D&D 5E The Greatest Thing about 5e


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James Gasik

Legend
Supporter
While in theory movement no longer requiring an action is a good thing, in practice I haven't seen it matter very much. Monsters and players base each other and swing away until one or the other falls down. While it's cool that you can break up your movement, there has to be a reason to do that, and most of the time, it's just not there.

I suppose the DM could add in some kind of trap or trick that forces people to keep moving every turn, like magic runes on the ground that go off after a few seconds, or floors that move like a conveyor belt that turn combat into a confusing game of Robo Rally, but outside of that, the reason to move is generally something like a control spell that burns you for staying in a particular spot.

In combat, melee wants to move to attack and stays there until they need a new victim. Clerics want to get the most amount of bad guys in their point defense laser field...I mean spirit guardians. And just about everyone else is ranged and only moves if a melee enemy bases them and they're not Warlocks or don't have Crossbow Expert.

But that's just my experience.
 


Charlaquin

Goblin Queen (She/Her/Hers)
I don't find in all the 5e I played that OAs slow up things. Often tactical to provoke one so a fellow team member won't do so.

Which makes me think of a third great point. It is much more of a team game then ever before, IME. Player A setting up for player B and player C.
I found the team play to be stronger in 4e, at least in combat - the combat roles were designed specifically to support each other. But 5e is still miles ahead of 3e in that department. AD&D and BD&D are different beasts than WotC D&D, and it’s kind of apples to oranges in my opinion.
 

tetrasodium

Legend
Supporter
While in theory movement no longer requiring an action is a good thing, in practice I haven't seen it matter very much. Monsters and players base each other and swing away until one or the other falls down. While it's cool that you can break up your movement, there has to be a reason to do that, and most of the time, it's just not there.

I suppose the DM could add in some kind of trap or trick that forces people to keep moving every turn, like magic runes on the ground that go off after a few seconds, or floors that move like a conveyor belt that turn combat into a confusing game of Robo Rally, but outside of that, the reason to move is generally something like a control spell that burns you for staying in a particular spot.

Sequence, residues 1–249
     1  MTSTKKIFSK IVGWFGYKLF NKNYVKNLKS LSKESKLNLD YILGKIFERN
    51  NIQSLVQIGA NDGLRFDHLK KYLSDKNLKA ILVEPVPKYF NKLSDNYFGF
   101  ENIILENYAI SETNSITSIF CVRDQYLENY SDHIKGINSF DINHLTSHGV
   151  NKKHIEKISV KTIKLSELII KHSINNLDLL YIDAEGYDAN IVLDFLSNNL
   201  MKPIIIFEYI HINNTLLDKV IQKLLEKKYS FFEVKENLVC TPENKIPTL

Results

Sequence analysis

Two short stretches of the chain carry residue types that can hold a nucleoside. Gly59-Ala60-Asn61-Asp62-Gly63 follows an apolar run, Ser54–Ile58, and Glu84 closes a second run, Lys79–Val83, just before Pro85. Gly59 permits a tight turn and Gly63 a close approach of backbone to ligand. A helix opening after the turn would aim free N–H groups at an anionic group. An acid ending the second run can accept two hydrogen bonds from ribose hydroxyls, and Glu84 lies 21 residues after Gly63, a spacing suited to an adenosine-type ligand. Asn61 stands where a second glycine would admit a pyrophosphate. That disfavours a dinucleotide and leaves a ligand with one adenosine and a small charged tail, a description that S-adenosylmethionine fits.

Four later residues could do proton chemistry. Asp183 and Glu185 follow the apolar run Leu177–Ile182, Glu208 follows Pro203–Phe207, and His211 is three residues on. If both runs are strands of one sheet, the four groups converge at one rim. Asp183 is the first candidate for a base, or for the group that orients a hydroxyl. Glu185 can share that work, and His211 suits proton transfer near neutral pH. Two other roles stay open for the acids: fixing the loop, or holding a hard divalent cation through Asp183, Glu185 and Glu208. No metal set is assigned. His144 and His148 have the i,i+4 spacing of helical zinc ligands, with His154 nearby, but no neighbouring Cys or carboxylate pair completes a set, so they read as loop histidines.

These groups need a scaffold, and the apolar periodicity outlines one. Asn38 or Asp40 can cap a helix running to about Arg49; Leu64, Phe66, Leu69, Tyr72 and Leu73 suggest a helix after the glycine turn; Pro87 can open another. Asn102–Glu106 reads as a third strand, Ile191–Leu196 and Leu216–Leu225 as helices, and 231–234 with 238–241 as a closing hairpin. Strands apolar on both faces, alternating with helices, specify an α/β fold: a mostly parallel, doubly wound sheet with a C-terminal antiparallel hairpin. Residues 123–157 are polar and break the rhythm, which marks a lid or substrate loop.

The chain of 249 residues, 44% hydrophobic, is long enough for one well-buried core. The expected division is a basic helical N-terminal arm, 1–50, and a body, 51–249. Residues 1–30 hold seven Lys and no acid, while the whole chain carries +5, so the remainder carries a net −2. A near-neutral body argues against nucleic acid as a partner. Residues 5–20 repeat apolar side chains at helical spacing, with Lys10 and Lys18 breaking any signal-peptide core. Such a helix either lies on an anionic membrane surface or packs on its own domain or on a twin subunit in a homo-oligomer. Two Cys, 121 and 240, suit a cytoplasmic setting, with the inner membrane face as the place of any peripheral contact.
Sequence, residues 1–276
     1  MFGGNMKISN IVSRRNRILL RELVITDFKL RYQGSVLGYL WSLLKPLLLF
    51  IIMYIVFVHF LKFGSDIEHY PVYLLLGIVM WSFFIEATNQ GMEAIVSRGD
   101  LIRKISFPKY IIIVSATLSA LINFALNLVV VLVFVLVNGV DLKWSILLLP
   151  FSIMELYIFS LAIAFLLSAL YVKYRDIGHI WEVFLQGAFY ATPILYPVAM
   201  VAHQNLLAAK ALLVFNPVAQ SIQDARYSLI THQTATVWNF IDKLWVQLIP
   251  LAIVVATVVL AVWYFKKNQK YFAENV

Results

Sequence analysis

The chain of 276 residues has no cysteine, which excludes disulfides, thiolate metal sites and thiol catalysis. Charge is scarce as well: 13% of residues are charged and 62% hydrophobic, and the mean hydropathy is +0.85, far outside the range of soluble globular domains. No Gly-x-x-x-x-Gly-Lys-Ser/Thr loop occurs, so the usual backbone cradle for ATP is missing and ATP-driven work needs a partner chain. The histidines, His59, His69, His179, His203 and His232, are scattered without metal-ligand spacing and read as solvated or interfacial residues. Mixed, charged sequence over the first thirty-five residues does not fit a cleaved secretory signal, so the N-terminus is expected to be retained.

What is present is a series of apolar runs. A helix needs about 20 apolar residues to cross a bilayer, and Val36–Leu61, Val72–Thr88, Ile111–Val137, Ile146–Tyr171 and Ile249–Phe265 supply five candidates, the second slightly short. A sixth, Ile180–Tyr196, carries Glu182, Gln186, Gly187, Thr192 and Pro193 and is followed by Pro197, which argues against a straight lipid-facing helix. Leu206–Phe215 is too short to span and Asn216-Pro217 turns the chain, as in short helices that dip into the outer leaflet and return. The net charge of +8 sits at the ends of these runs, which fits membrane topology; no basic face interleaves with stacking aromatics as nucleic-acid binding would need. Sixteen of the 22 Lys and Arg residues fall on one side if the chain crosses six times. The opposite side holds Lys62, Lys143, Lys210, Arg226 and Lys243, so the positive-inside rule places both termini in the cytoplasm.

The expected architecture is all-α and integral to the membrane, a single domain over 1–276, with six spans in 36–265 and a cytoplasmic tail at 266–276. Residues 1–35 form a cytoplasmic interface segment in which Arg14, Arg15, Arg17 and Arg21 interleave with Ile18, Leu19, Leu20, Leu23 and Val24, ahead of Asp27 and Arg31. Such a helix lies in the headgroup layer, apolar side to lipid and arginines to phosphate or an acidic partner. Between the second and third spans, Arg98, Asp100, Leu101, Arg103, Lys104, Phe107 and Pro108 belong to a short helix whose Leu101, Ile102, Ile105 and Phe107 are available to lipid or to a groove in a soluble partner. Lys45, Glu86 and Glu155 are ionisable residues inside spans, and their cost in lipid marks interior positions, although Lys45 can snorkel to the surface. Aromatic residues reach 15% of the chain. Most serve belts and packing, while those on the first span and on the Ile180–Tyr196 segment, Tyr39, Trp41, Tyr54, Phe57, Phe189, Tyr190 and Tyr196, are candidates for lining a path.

In combat, melee wants to move to attack and stays there until they need a new victim. Clerics want to get the most amount of bad guys in their point defense laser field...I mean spirit guardians. And just about everyone else is ranged and only moves if a melee enemy bases them and they're not Warlocks or don't have Crossbow Expert.

But that's just my experience.
If anything 5e actually takes steps to minimize movement in combat over past editions
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I threw together that simple fight with 3 basic skeletons (1/2/3), a minotaur skeleton/ogre zombie (4/5) & a necromancer (top) against two PCs already in the room(bottom)
  • With move based AoOs of old the PCs would be encouraged to thread the gap wayyy over to the right of #5 or at least one if not both PCs stop to stomp one of the 3 basic skeletons so the other(s) could move on the caster.
    • Not doing that could suck up a lot of AoOs from each 5 foot square of movement starting as soon as they are in reach of the opponent they will now fight while moving 1 5foot square/round to avoid AoOs as monsters close. Skeletons are a bad monster due to being so weak, but that could potentially result in the bad guys being rushed getting off more attacks in one round than the combat might otherwise last
  • Whatever the PCs do the PCs would want to consider things like one of the PCs holding back to serve as a speedbump in some fashion that keeps the unengaged monsters from charging the squishies about to come through the door or at least ensure that they suffer some AoOs for doing so

  • In 5e.. whatever charge the necromancer & maybe one player will suffer one AoO if it hits. That hit is a lot less concerning than any one attack or AoO before though simply because recovery is now trivial & the risk of death in combat is almost nonexistent vrs before when you went to negative hp & had to heal each point of damage.

So now you wind up with six ogre zombies making a mildly less porous wall or a giant moshpit of a combat that explodes in an AoE it set itself up for in an effort to make the necromancer last more than a round & the necromancer needs a much better statblock too since it's going to be the easiest & most obvious target. Alternately you just give up & send a lamb to an instagib slaughter like the recent vecna room is set to do.
 
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Charlaquin

Goblin Queen (She/Her/Hers)
While in theory movement no longer requiring an action is a good thing, in practice I haven't seen it matter very much. Monsters and players base each other and swing away until one or the other falls down. While it's cool that you can break up your movement, there has to be a reason to do that, and most of the time, it's just not there.
My group at the time and I utilized the heck out of the ability to break up our movement during the D&D Next open playtest, but I’ve found my current players do it a lot less in 5e. I’m not sure if that’s just because it was so novel at the time, or if something changed mechanically that made it less useful… I do remember there used to be a rogue ability or feat or something that let you remain hidden after leaving cover until you took an action, which made it very appealing to attack-move-hide on one turn and move-attack-disengage-move on the next. But I seem to recall everyone doing move-attack-move maneuvers pretty regularly, not just rogues.